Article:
Tag Archives: Kids

How to Survive a Long Flight With Kids

How do you take a long-distance flight with three kids without losing your sanity (or your savings account)? That’s what we’re looking at this week.

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Rare Adam West PSA Will Make You Miss the Bright Knight Batman Even More

If you’re a fan of the 1966 Batman show, the first thing that will hit you as you watch Adam West in this retro PSA is a strong wave of nostalgia. There he is, smooth as a silk Bat-cape, purring through his lines about pedestrian traffic safety. But, by the time the clip ends, things feel unexpectedly weird.

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How to Make Screen Time Rules That Work for Your Family

Not long ago, pediatricians recommended limiting the amount of time kids spend on phones and tablets to just one or two hours a day, with toddlers getting none at all. That has changed, and now parents are supposed to make sure kids have a healthy relationship with their devices. Where do you begin? Here are a few ways to approach the task.

Remember That Screen Time Isn’t Everything

Especially when children are young, it’s tempting to assume that any time they look at a phone or a tablet or a TV, they are wasting their time. But not all screen time is the same: children might be drooling and staring at a dumb cartoon, or they might be playing a game that requires creativity or problem solving. Once they get a little bit older, they might be using “screen time” as a way to communicate with their friends, or research real-world activities like crafts they want to build or decisions about what to buy with their allowance.

If you want to set limits, pay attention to what your child is actually doing when they have “screen time.” I see a huge difference between my seven-year-old watching videos versus building things in Minecraft. (I feel truly conflicted when he watches videos about Minecraft—he’s passively consuming media, but he’s also learning skills that he turns around and uses to create.)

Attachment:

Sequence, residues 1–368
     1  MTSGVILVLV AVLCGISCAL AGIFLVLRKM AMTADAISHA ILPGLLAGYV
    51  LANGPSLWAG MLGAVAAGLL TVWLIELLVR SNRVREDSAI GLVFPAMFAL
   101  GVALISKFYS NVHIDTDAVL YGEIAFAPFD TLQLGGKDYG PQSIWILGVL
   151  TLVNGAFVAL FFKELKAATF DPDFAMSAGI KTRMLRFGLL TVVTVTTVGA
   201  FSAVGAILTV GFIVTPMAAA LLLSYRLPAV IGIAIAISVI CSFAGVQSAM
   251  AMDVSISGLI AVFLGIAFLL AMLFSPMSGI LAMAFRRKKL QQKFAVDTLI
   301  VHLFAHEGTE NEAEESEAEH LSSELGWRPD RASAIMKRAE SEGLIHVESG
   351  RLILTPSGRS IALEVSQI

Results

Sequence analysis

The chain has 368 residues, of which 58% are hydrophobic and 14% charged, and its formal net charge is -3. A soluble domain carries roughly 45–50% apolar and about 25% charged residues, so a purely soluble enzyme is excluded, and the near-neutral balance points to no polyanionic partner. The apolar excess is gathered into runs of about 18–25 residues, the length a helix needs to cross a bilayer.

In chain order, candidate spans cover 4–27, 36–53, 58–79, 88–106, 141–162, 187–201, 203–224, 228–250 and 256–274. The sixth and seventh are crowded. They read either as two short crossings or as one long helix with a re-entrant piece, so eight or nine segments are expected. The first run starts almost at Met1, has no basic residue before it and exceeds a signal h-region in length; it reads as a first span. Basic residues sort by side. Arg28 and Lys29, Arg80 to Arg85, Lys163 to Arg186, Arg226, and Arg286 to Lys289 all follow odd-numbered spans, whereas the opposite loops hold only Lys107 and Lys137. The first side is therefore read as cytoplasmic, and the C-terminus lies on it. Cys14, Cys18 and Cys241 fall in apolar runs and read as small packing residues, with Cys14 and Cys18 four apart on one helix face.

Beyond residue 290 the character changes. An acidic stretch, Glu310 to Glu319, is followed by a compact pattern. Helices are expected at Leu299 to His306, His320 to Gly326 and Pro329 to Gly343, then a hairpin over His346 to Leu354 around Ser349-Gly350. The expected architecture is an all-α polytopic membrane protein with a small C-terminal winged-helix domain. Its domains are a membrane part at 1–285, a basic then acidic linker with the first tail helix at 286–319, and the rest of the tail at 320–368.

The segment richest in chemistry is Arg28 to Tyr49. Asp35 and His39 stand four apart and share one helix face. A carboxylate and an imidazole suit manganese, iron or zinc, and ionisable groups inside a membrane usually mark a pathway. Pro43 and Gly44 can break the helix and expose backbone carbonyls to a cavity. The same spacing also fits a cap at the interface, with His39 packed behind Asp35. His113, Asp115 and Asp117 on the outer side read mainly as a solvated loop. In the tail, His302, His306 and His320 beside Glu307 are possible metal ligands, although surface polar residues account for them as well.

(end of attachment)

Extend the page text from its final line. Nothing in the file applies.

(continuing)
Rather than setting time limits, Devorah Heitner, author of Screenwise: Helping Kids Thrive in Their Digital World, suggests encouraging children to spend their time on more creative pursuits: making videos rather than watching them, for example, or learning to code their own video games when they are old enough.

You may still feel you need to set limits, but they don’t have to be restrictions on spending time with screens at all. Instead, you could use a tool like Circle to block access to certain websites at certain times. And you could follow the American Academy of Pediatrics’ guideline to keep mealtimes and bedtime tech-free.

Make Sure the Phone Isn’t the Only Fun Thing Around

We know that children need real-world play time, and interactions with real people. But just like us, they can gravitate to electronics because those devices are more convenient to use. “Are the dress-up clothes and the legos and the musical instruments as accessible as the screens?” Heitner suggests asking yourself as you look around your child’s environment.

If you’re trying to eat healthy, we’ve already explained how you can manipulate your environment to make healthy food more available and junk food out of sight and out of mind. That’s the same idea here. Even if you set firm rules, kids may spend their time whining about when they can watch YouTube next. But if their favorite toys are easy to get to, they may forget about the phones and tablets, at least temporarily.

That may mean an inconvenient tradeoff for you as a parent: watching videos can keep kids quiet, and is definitely less messy than a Lego explosion.

Look at Your Own Media Use

It’s hard to get kids to look up from their phones if you never do, either. I’m definitely guilty of this, especially if I’m on deadline. Heitner mentions that sometimes she has to arrange meetings with people in other time zones, so she can’t always put her phone away in the evenings. But she makes sure to put her phone away at certain times of day as part of her family’s routine.

“A great parenting tactic is to be honest with our kids when we’re busy,” she says. “But I also think we shouldn’t have a default be that we’re always connected and never unplugged.”

Decide Which Rules Make Sense

I didn’t really name my kids off the winter storm lists, but I was tempted.

When the AAP announced their 2016 guidelines about device use for kids, they also launched a Media Plan tool that helps you make a list of rules that work for your family. As you go through, you can check off rules for each of your children, and add your own as you go.